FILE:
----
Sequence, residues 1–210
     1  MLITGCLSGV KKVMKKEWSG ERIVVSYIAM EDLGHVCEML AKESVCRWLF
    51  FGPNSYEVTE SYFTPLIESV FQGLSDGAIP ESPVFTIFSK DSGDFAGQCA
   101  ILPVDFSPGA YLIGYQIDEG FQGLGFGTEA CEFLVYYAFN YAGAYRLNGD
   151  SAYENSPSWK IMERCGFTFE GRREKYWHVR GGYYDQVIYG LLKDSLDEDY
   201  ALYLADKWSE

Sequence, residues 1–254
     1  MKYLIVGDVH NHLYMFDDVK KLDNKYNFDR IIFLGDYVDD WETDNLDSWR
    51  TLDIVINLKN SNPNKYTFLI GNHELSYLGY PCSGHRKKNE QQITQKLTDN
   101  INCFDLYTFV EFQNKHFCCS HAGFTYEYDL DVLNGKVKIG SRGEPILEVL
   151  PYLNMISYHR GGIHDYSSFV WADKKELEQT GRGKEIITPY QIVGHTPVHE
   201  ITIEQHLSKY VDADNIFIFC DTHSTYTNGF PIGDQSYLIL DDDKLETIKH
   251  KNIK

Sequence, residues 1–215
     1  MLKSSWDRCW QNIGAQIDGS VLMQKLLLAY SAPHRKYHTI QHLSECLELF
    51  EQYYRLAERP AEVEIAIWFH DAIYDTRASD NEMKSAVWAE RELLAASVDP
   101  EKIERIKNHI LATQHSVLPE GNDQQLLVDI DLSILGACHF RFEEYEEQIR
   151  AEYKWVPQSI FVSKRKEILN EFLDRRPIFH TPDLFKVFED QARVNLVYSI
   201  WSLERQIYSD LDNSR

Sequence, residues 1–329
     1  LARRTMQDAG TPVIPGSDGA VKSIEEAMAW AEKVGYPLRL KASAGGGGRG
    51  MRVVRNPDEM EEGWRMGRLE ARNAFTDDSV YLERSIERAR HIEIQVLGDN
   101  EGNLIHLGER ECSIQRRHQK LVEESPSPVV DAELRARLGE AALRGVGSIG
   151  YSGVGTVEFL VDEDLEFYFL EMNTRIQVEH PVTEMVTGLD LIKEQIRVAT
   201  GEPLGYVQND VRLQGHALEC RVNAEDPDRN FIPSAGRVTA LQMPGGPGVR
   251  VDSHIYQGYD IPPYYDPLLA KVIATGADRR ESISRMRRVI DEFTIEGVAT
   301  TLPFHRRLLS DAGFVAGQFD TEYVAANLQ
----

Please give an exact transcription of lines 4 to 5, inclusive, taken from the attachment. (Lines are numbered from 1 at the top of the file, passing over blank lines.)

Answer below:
   101  ILPVDFSPGA YLIGYQIDEG FQGLGFGTEA CEFLVYYAFN YAGAYRLNGD
   151  SAYENSPSWK IMERCGFTFE GRREKYWHVR GGYYDQVIYG LLKDSLDEDY